Scenario 1: The greenium persists, spurring higher levels of corporate climate action via new financing. As issuers continue to see high demand for green bonds compared to other debt, the supply of green bonds will continue to grow. The current spread between green and non-green offerings is small—usually ranging from just a few to around 11 basis points—but could grow large enough to incentivize more companies to engage in decarbonization projects.

Scenario 2: Climate risk and climate action criteria will have more influence on credit ratings, bringing larger spreads between more and less “green” securities. Rating agencies like Moody’s and Standard & Poor’s are already beginning to factor ESG criteria into ratings. We have yet to see exactly how much this integration will impact overall creditworthiness and ratings, but when less environmentally responsible firms start to see formerly top-rated securities slide from triple-A downward, issuers will be under greater pressure to respond with climate action.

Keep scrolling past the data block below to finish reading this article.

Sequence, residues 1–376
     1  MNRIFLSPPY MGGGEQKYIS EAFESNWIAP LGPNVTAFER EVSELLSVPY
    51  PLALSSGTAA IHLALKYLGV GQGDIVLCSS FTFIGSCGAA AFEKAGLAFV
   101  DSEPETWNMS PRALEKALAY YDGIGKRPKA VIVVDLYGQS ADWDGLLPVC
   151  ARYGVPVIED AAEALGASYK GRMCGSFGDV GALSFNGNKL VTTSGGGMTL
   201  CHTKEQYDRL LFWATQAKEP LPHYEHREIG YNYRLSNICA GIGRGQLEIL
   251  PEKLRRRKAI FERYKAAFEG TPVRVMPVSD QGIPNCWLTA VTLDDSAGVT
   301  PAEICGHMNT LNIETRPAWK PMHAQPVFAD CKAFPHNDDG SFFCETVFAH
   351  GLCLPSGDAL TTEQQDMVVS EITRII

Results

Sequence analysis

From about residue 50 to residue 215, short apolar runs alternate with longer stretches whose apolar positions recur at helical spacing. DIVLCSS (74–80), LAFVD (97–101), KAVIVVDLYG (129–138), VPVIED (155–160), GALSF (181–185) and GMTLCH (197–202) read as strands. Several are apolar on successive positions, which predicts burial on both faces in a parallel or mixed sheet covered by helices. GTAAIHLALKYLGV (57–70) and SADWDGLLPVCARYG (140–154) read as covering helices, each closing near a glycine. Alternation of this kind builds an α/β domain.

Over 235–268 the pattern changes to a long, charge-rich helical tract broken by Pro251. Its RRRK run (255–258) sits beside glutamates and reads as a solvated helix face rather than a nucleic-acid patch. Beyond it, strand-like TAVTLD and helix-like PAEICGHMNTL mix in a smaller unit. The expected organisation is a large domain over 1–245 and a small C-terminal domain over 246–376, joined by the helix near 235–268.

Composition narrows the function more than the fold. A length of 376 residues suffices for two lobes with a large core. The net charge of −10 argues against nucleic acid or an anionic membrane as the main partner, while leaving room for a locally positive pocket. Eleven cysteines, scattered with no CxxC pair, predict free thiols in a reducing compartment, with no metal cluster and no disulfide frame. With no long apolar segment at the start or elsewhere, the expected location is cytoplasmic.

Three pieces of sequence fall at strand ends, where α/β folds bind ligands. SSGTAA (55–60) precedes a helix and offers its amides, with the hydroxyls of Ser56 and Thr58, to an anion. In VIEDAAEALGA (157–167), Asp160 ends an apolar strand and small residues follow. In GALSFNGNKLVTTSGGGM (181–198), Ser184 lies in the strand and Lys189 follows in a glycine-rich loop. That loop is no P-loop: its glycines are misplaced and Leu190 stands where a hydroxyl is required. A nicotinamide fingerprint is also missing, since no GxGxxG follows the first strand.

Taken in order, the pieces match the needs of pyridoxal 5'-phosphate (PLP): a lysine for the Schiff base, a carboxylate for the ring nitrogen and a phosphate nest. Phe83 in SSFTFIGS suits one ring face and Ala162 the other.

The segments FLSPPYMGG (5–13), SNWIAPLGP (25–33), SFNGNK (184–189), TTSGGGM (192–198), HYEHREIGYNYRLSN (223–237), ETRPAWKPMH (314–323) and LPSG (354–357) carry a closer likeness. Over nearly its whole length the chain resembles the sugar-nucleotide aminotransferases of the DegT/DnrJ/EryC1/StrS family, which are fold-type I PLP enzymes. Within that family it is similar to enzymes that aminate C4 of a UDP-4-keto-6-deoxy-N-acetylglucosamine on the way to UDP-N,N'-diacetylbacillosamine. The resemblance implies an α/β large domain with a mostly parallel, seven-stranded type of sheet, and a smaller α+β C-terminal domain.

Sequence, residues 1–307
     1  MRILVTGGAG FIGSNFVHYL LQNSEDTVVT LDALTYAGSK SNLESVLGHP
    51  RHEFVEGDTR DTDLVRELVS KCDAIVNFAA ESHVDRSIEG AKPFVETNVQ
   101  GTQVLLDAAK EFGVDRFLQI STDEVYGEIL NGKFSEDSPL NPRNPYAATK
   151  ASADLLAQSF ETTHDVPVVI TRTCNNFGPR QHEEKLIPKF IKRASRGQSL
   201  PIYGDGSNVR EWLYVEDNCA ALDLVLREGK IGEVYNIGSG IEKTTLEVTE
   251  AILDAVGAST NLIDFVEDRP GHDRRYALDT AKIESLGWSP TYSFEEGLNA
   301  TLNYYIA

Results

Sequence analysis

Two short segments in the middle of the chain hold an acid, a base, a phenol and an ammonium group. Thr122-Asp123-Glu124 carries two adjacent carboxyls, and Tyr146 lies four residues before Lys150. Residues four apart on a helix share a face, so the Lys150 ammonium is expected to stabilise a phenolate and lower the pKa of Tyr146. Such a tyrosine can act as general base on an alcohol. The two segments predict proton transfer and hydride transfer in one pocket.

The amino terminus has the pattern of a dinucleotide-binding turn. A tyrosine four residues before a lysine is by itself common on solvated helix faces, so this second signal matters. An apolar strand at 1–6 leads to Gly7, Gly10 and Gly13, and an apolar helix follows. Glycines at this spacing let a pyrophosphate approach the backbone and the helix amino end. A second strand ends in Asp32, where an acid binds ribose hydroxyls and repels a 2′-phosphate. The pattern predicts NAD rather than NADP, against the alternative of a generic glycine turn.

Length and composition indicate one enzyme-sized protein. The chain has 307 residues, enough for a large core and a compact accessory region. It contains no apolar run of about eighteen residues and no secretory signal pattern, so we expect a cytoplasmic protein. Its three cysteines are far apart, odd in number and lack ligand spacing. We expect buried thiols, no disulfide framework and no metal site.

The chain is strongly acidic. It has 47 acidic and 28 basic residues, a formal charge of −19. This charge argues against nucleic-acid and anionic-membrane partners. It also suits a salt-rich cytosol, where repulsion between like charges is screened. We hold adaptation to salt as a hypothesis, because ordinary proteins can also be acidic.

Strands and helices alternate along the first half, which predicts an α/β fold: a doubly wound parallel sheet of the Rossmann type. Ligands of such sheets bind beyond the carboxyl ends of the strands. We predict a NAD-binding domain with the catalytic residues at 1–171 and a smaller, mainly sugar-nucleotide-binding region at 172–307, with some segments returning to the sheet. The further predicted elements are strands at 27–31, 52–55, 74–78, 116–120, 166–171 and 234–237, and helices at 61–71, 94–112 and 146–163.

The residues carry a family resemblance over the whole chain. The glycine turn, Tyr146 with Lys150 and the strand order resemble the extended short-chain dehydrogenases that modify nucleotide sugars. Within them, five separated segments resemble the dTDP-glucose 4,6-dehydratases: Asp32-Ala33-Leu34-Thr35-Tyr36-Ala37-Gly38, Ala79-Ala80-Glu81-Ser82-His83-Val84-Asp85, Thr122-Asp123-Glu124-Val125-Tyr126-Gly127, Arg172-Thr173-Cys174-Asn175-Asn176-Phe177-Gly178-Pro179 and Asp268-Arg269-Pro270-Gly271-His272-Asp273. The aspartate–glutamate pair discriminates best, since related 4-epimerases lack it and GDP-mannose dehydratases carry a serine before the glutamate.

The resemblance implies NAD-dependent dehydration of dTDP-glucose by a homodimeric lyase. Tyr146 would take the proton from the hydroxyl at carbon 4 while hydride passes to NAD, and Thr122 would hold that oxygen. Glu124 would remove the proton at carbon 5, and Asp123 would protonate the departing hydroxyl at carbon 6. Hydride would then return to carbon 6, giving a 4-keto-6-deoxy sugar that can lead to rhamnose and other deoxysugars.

Scenario 3: Climate and ESG factors don’t have to be integrated into investment decision-making—because they are reflected in core business criteria already. In the most dramatic evolution of the global economy toward prioritization of decarbonization and climate action, green bonds, ESG investing, and climate risk disclosure would lose relevance. Investors, consumers, regulators, and companies would not need distinct ESG data or ratings because companies that do not act to protect their supply chains, fortify their businesses against climate risk, and comply with climate regulations will face increased business disruptions, difficulty attracting top talent, and reduced revenue. Business outcomes will inherently reflect ESG performance.

One theme holds true through all of these scenarios— companies that take definitive action now will be rewarded. Through marginal but increasing greeniums, issuers who take advantage of the vast demand for green offerings will be ahead of the decarbonization curve as the market moves toward fuller ESG consideration. For those who want to lead the pack and reap the rewards, the time to act is now.

For those in search of a partner and resource for any part of the journey, The Climate Board is here. We can support your company on your climate action path. Reach out to us for more information.